Search

Begin New Search
Proceed to Checkout

Search Results for All:
(Showing results 1 to 4 of 4)



Will President Reagan's Energy Policy Lead Households to Conserve?

Eric S. Brown

Year: 1982
Volume: Volume 3
Number: Number 1
DOI: 10.5547/ISSN0195-6574-EJ-Vol3-No1-5
View Abstract

Abstract:
When energy was cheap and easily available, consumers' paid little attention to their energy use and bills, so after the supply disruptions of the1970s, they were poorly equipped to deal with the changes they faced in energy prices and availability. During the 1970s, the federal government undertook various programs of education and assistance, including dissemination of printed information, establishment of energy standards for federally financed homes, and tax credits for use of alternative energy sources.









Notes - Risk Analysis of Alternative Energy Sources

Daniel R. Kazmer

Year: 1982
Volume: Volume 3
Number: Number 1
DOI: 10.5547/ISSN0195-6574-EJ-Vol3-No1-11
No Abstract



Reply to "Risk Analysis of Alternative Energy Sources"

Miller B. Spangler

Year: 1982
Volume: Volume 3
Number: Number 1
DOI: 10.5547/ISSN0195-6574-EJ-Vol3-No1-12
No Abstract



Wood Energy Bibliography

n/a

Year: 1982
Volume: Volume 3
Number: Number 1
DOI: 10.5547/ISSN0195-6574-EJ-Vol3-No1-13
No Abstract





Notes - Comment on "Economic Implications of Mandated Efficiency..."

Stanley M. Besen and Leland L. Johnson

Year: 1982
Volume: Volume 3
Number: Number 1
DOI: 10.5547/ISSN0195-6574-EJ-Vol3-No1-9
No Abstract



A Risk Analysis of Oil Development in the Arctic National Wildlife Refuge

Stephen G. Powell

Year: 1991
Volume: Volume 12
Number: Number 3
DOI: 10.5547/ISSN0195-6574-EJ-Vol12-No3-5
View Abstract

Abstract:
The Arctic National Wildlife Refuge (ANWR) in Alaska is simultaneously the most promising onshore area for oil exploration and one of the wildest areas remaining in the USA. The conflict between the need to develop energy resources and the desire to preserve wild areas has led to a prolonged debate over the merits of programs to lease the region for oil exploration and development.



Combined Heat and Power in Commercial Buildings: Investment and Risk Analysis

Karl Magnus Maribu and Stein-Erik Fleten

Year: 2008
Volume: Volume 29
Number: Number 2
DOI: 10.5547/ISSN0195-6574-EJ-Vol29-No2-7
View Abstract

Abstract:
Combined heat and power (CHP) systems can generate electricity locally while they recover heat to satisfy heating loads in buildings, which means they provide efficient energy. On-site generators may reduce both the expected energy costs and cost risk exposure for developers. With volatile energy prices, a deterministic modeling framework will not yield a fair value of CHP systems because flexibility in the operational response to price changes is not taken into account. In this paper, we present a Monte Carlo simulation model that is used to find the CHP value under uncertain future wholesale electricity and natural gas prices. When considering investing in a CHP system on should consider both return and risk. Clearly, both investment return and risk depend on local energy tariffs and energy loads. We highlight an example where CHP is marginally profitable and the investment decision is not straightforward. Interestingly, CHP systems were found particularly attractive with volatile electricity prices because their ability to respond to high prices provides efficient hedges to energy cost risk. Therefore, developers should not be discouraged but rather embrace on-site generation in markets with volatile prices. From the analysis, it can also be concluded that sizing of CHP systems can be related to the energy tariff structure and cost risk preferences as well as to energy loads.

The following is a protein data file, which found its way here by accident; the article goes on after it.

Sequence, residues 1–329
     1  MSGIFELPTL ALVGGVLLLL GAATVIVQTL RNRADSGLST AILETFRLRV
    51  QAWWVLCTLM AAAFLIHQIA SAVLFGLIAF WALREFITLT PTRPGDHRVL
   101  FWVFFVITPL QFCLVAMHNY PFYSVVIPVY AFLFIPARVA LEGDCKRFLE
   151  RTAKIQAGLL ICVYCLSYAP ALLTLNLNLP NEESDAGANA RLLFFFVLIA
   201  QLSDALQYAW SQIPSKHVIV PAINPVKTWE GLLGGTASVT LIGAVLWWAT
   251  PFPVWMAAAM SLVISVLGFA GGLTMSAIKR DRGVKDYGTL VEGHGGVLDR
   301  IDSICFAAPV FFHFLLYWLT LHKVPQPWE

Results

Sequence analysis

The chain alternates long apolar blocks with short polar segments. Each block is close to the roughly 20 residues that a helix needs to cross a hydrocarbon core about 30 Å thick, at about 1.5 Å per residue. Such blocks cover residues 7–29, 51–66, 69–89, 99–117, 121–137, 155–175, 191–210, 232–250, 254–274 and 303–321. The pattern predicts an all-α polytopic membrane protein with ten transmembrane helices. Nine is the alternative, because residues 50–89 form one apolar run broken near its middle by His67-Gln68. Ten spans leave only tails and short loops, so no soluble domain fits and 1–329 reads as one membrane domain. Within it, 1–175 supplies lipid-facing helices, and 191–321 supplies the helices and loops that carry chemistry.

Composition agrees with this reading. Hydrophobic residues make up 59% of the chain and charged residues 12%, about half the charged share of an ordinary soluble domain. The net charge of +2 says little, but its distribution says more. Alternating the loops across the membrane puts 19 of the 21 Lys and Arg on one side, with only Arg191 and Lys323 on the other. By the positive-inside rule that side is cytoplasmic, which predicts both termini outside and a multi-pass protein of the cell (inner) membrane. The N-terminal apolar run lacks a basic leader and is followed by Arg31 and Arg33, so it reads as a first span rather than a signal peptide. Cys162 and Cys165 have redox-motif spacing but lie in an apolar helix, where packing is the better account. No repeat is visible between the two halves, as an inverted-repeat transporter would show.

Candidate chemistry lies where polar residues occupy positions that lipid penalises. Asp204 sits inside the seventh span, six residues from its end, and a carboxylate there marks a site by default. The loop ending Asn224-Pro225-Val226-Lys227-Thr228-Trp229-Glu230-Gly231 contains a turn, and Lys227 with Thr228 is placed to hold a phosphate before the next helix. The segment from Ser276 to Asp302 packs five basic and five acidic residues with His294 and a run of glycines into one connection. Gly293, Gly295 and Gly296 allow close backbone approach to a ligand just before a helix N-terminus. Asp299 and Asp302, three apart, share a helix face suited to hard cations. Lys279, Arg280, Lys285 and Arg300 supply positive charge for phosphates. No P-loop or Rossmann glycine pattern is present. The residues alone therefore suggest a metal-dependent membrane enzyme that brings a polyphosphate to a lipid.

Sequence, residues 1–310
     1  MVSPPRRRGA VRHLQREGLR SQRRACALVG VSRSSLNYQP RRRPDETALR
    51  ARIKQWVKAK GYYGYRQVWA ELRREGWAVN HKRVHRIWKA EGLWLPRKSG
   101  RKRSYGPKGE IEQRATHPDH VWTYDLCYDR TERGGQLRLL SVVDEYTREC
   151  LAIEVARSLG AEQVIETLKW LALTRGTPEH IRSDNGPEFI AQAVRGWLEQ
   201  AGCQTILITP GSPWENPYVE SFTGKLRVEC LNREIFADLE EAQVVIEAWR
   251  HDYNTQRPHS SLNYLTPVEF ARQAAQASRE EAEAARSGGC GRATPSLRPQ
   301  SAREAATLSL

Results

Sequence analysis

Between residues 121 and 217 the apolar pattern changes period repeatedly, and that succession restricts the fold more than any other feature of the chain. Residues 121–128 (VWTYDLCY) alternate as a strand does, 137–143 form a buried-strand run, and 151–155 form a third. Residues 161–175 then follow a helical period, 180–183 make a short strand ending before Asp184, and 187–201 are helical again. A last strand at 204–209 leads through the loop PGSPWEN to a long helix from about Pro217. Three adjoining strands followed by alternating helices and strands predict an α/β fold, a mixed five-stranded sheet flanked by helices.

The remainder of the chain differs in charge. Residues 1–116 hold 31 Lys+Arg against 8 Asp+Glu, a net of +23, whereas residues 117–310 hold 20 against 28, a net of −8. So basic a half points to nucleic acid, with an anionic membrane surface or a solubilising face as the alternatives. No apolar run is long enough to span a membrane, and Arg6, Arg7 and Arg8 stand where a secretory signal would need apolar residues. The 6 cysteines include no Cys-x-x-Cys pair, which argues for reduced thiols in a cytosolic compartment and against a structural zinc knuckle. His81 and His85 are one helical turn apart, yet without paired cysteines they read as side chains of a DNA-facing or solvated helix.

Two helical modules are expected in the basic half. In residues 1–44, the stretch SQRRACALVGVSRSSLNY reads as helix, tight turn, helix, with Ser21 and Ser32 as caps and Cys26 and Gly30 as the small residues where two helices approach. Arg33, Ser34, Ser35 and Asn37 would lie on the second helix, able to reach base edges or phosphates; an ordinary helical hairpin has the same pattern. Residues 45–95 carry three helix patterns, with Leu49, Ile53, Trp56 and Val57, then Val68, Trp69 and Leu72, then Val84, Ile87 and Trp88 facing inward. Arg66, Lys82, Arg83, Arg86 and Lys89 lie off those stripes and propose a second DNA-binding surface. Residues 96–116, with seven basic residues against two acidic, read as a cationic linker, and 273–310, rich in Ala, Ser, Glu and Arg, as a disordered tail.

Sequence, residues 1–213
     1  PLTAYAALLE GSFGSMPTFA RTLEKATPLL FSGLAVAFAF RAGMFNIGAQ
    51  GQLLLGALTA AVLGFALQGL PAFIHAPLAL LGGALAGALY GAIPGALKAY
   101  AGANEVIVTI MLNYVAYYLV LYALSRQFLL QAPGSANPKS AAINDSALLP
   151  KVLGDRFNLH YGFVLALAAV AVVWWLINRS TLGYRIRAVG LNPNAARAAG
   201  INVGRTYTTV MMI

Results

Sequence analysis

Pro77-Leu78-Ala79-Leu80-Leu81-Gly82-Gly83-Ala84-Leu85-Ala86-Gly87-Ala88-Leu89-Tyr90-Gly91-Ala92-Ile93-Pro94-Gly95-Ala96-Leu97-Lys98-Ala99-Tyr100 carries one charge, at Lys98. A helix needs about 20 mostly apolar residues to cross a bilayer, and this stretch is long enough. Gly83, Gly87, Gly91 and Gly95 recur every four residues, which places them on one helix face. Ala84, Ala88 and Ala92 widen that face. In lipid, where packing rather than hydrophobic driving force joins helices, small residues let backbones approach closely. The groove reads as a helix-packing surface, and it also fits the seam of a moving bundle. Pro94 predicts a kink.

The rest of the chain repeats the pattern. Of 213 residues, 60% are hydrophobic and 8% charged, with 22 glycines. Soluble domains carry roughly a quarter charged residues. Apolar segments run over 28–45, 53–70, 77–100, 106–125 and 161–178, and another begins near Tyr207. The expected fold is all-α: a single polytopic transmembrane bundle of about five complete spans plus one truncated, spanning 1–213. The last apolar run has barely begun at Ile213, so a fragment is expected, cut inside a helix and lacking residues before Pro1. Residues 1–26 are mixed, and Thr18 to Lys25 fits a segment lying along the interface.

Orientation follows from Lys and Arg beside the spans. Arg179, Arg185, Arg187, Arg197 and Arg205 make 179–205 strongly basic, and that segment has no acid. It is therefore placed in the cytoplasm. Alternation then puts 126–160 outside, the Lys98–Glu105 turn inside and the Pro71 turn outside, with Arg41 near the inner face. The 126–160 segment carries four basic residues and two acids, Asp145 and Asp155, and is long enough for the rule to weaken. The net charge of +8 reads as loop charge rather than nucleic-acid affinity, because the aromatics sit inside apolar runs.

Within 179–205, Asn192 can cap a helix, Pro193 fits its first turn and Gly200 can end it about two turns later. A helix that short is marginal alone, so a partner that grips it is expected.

The Profitability of Energy Storage in European Electricity Markets

Petr Spodniak, Valentin Bertsch, and Mel Devine

Year: 2021
Volume: Volume 42
Number: Number 5
DOI: 10.5547/01956574.42.5.pspo
View Abstract

Abstract:
In this work, we study the profitability of energy storage operated in the Nordic, German, and UK electricity day-ahead markets during 2006–2016. During this time period, variable renewable energy sources (vRES) have been rapidly penetrating the markets and increasing the volatility of the residual load, which is often assumed to be associated with improving financial viability of energy storages. However, storage operator profits are not publicly available, in particular not at plant level. We therefore develop a linear optimisation model which maximises profits from arbitraging hourly prices and use the model output of profits and storage operating hours in further econometric analyses. This is a novel approach merging two strands of literature (optimisation and econometrics) in a single energy storage study. Specifically, we quantify and disentangle the effects of electricity demand, solar and wind generation, the spread between gas and coal prices, carbon emission prices and structural breaks on profits and operation of 1–13MWh/MW energy storages. Among others we find that solar generation is associated with lower profits but higher operating frequency of energy storages in Germany. Wind power generation is associated with positive effects on profits in the UK and Germany. vRES does not affect profits or operation of new Nordic energy storages.





Begin New Search
Proceed to Checkout

 

© 2022 International Association for Energy Economics | Privacy Policy | Return Policy